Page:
All the chatter about this year marking the 150th anniversary of the Civil War sent me to my file cabinet for some research I did more than a dozen years ago.
A relative had shown me a portrait photo of my great-great-grandfather, Union Army veteran George D. Conn, in his later years wearing a medal. She wanted to know what the medal was.
That was enough to crank up my interest.
George was my maternal grandmother’s maternal grandfather. He lived in my native Chester County, Pa., and died in 1923 at age 85. Other than that, I didn’t know anything about him.
But I did know where to go for information — the U.S. Army Military History Institute in Carlisle, Pa., which has a terrific library. http://www.carlisle.army.mil/AHEC/USAMHI/default.cfm I drove there in January 1998. A library volunteer helped me, tracking George to Pennsylvania’s 175th Regiment Infantry.
The volunteer then looked up reference materials on the 175th Regiment, which included Samuel P. Bates’ History of the Pennsylvania Volunteers, 1861-5, originally published in 1870, and Civil War Connecticut volunteer Frederick H. Dyer’s A Compendium of the War of the Rebellion, Vol. 2.
Bates’ book has a brief history and roster of the regiment, which consisted of 10 companies of Pennsylvania volunteers. Eight of the companies were Chester County-based; two were from neighboring Montgomery County. The regiment’s commander was Col. Samuel A. Dyer.
In the roster, George is listed as a private in Company E who joined the service on Nov. 6, 1862, the day the regiment formed in Philadelphia. He was 25 years old at the time. The date he was mustered out isn’t on there, but the regiment disbanded at the end of its term of service Aug. 7, 1863.
The 175th had duty in Suffolk, Va., till Dec. 28, 1862, when it marched to New Bern, N.C.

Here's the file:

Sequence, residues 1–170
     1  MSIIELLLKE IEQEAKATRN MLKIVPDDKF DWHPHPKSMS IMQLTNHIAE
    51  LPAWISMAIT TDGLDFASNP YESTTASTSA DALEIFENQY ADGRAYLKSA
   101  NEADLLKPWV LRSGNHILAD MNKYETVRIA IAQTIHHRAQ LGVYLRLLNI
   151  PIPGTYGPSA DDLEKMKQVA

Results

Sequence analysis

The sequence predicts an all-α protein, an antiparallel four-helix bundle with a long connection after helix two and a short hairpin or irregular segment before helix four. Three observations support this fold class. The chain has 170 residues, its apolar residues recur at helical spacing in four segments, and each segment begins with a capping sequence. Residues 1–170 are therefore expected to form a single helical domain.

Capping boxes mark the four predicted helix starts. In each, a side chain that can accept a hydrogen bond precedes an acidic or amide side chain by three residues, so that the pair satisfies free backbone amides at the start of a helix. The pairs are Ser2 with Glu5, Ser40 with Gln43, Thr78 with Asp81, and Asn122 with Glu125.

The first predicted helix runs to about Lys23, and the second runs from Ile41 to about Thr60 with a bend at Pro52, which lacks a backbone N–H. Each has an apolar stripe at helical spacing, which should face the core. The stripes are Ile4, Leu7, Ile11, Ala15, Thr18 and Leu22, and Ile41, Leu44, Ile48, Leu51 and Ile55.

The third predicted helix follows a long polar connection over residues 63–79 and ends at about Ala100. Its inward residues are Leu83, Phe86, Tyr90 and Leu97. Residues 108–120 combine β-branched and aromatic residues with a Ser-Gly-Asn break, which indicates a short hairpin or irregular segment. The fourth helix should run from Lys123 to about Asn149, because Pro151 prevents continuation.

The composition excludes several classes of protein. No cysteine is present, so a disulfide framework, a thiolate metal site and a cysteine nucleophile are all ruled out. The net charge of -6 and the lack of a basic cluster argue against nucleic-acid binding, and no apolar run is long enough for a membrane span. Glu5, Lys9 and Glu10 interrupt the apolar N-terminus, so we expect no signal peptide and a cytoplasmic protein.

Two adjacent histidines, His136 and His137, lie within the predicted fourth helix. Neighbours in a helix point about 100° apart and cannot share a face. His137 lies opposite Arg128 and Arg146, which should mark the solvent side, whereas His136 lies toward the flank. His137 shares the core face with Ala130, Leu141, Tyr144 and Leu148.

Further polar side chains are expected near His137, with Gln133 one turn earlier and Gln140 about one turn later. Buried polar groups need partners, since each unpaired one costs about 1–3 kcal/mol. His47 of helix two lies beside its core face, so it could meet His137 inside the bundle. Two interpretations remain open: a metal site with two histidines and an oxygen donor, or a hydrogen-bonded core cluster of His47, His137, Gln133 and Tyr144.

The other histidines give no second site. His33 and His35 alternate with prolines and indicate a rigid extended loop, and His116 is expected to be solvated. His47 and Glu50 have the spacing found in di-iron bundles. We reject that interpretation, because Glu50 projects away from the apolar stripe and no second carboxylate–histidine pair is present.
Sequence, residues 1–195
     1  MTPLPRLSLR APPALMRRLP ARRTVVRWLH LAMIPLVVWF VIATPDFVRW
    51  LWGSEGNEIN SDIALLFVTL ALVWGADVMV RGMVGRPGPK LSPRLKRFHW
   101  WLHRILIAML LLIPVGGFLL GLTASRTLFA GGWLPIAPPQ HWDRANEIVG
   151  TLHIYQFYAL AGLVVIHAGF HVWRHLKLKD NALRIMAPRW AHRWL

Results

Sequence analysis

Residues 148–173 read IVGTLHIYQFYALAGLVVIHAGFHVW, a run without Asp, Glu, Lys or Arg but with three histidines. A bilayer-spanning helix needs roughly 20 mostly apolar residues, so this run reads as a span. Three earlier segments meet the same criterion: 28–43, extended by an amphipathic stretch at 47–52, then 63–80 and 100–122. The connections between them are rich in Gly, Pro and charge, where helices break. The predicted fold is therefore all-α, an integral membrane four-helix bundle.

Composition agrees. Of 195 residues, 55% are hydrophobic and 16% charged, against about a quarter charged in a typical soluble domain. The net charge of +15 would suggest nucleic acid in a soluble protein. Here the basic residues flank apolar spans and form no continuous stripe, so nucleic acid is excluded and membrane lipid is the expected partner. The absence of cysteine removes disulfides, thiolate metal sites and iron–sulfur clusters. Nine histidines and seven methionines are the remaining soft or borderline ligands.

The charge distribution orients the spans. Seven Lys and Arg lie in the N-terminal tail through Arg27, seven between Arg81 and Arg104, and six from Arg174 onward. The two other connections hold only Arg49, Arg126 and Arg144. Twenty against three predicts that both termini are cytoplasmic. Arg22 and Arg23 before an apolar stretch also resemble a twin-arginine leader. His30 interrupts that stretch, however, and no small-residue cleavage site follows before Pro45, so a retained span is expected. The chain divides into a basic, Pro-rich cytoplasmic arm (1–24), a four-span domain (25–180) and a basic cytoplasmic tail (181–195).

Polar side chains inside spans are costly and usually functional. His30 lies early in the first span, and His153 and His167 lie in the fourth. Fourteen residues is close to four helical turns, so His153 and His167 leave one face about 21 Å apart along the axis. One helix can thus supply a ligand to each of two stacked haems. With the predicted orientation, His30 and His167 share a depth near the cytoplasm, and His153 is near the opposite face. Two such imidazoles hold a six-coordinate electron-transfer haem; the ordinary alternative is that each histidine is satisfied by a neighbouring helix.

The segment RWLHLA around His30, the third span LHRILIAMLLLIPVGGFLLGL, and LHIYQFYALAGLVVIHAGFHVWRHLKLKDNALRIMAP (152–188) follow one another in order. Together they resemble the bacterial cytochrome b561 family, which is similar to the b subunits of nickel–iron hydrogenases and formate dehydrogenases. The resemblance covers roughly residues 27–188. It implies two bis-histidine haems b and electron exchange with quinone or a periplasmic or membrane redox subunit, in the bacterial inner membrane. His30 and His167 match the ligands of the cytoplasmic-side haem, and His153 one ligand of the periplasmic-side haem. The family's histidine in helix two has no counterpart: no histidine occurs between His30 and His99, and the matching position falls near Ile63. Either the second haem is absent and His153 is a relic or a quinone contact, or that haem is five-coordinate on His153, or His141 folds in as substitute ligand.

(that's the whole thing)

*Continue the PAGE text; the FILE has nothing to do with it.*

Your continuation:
“In March, 1863,” Bates wrote, “when the enemy was threatening Newbern, the One Hundred and Seventy-fifth threw up a strong line of earth-works, on the south side of the river Trent, and joined in repelling the attack which was sluggishly made on the town. It also made several expeditions in search of Colonel Woodford’s guerrillas, but never succeeded in inducing them to risk a fight.”
At Little Washington, N.C., where the regiment had garrison duty, nearly two dozen of the men died from malaria.
According to the worker who helped me, the library’s Photo Archive had images of individuals in the 175th. I checked but George wasn’t in there. We fixed that. They made a negative of the picture I carried (shown with this blog) so a print of George could be added to the collection, which at the time had photos of 85,000 Union troops.
Oh, and about the medal George is wearing. It’s a GAR Badge, the membership badge of the Grand Army of the Republic, an organization of Union veterans who fought in the “War of the Rebellion.”
One more thing: A lot of the information I found at Carlisle is available online now, including Dyer’s Compendium and Bates’ History of Pennsylvania Volunteers. Just Google them.